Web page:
This week, I had the privilege of attending the Kiwibank New Zealander of the Year Awards.
There is nothing more humbling than listening to the remarkable achievements of so many Kiwis, young and old, from all walks of life, who use their talents and their energy for good.

Among the award recipients was Hayden Smith, 2017's Local Hero winner.
Hayden founded Sea Cleaners, an organisation that has collected more than four million tonnes of rubbish from our oceans and harbours since Smith began his mission in 2002.

I wrote about the disgusting state of Auckland's harbours thanks to an antiquated storm water drainage system and railed about the pollution of one of this country's most precious resources in a column a month ago, but seeing someone who is doing something about it has galvanised me into action.
Getting out there and picking up the plastic and rubbish that are poisoning our waterways and foreshores will do more good than my sitting in an office being a keyboard warrior.

It's not often I look forward to Government policy announcements, but given the state of New Zealand's waterways, I was hoping for some good news in National's fresh water initiative announced on Thursday.


And there is some.

The aim is to make 90 per cent of this country's rivers safe for swimming by 2040 - probably a little late for me to put on my togs and frolic in the Waikato River but my grandchildren should have fun.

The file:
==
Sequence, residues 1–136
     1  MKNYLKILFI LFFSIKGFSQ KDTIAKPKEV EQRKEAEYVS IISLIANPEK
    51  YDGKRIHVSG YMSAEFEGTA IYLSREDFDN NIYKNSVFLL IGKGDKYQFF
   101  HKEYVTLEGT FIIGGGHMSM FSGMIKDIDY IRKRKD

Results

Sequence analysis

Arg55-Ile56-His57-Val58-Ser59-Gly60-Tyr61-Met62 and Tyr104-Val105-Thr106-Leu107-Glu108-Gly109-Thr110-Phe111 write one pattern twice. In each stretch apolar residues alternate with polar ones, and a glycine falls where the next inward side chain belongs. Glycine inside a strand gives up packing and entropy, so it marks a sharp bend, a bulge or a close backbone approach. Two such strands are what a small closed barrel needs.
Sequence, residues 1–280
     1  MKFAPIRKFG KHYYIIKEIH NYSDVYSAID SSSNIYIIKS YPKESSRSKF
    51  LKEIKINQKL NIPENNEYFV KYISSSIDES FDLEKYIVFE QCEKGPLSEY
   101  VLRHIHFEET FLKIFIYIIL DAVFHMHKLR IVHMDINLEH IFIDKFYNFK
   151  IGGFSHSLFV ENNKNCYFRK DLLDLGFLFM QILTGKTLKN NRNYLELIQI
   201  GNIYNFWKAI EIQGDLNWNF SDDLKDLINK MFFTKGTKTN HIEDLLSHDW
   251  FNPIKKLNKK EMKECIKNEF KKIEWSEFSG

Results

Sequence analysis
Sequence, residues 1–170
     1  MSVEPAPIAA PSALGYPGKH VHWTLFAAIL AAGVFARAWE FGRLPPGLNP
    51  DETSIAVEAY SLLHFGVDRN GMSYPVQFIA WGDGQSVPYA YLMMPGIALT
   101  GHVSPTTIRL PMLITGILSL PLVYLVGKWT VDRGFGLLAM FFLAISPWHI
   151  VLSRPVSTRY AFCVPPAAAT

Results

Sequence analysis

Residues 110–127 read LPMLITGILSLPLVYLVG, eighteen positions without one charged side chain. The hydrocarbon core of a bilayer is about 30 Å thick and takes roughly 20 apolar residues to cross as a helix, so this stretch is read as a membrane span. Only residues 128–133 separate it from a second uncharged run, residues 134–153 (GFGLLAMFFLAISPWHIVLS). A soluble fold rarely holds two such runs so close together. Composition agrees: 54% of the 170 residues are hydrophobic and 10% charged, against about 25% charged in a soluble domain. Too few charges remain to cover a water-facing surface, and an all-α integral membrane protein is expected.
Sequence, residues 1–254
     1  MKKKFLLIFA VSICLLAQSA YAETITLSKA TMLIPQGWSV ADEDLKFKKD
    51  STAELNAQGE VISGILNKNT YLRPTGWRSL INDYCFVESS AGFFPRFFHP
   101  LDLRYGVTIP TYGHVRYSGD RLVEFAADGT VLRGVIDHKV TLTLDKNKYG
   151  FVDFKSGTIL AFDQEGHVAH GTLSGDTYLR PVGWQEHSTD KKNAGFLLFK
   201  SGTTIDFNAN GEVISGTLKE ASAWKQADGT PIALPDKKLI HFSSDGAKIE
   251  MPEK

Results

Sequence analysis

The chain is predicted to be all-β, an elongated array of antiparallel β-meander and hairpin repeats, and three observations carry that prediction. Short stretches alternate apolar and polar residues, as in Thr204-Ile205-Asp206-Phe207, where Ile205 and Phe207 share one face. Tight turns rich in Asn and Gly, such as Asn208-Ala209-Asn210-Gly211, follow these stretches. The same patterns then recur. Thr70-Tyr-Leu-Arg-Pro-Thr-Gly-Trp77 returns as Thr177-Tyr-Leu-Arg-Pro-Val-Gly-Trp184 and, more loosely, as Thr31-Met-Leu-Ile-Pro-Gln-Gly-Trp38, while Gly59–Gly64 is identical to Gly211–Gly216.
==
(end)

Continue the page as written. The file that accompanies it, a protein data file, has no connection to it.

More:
For the first time, a deadline has been set requiring all livestock to be excluded from rivers - that will require more than 56,000km of extra fencing and must be completed by 2030. So far, so good.

But where the Government has come in for criticism is its definition of a safe river.

A river will be considered excellent for swimming if it exceeded the threshold for faecal contamination less than 5 per cent of the time.
And that threshold is 540 e coli cultures in 100ml of water - a standard Environment Minister Nick Smith says puts us in line with other countries.

However, that level was previously applied to waterways that were only considered suitable for wading, not swimming.
And the Green Party says that the Government's shifting of the goalposts means a person has a one in 20 chance of getting sick if they swim in a river deemed to be of excellent quality.

The Greens' water spokeswoman Catherine Delahunty says the Government has redefined the standard to allow twice as much faecal matter in rivers deemed swimmable - a claim that Nick Smith strongly refutes.

He says the 1 in 20 figure is based on junk science and that the initiative will give this country a water quality better than at any time since World War II.

We'll see.

It's a step in the right direction, certainly.

Thousands of New Zealanders get sick every year just from contact with our waterways.
Going for a dip at the local water hole should be one of the joys of living in this country.
You shouldn't have to fear getting stomach flu or an infection or neonatal meningitis.

But that's what's happening and it's a blight on New Zealand's reputation.

We all know the clean green tagline is complete bollocks.

And it's going to take years before the damage we've done to our waterways is repaired.

There is plenty more than can and in fact, should be done.
The money invested in our rivers and lakes is paltry compared to the investment in other infrastructure - like transport. But, it's a start.

And if we want to save our harbours and our waterways, we have to do our bit. too.
If that means paying more in our rates to upgrade our stormwater drains, so be it.

In the meantime, we can always help out organisations like Sea Cleaners.

They're always looking for volunteers. There might not be plenty of fish in the sea - but there sure as hell is plenty of plastic.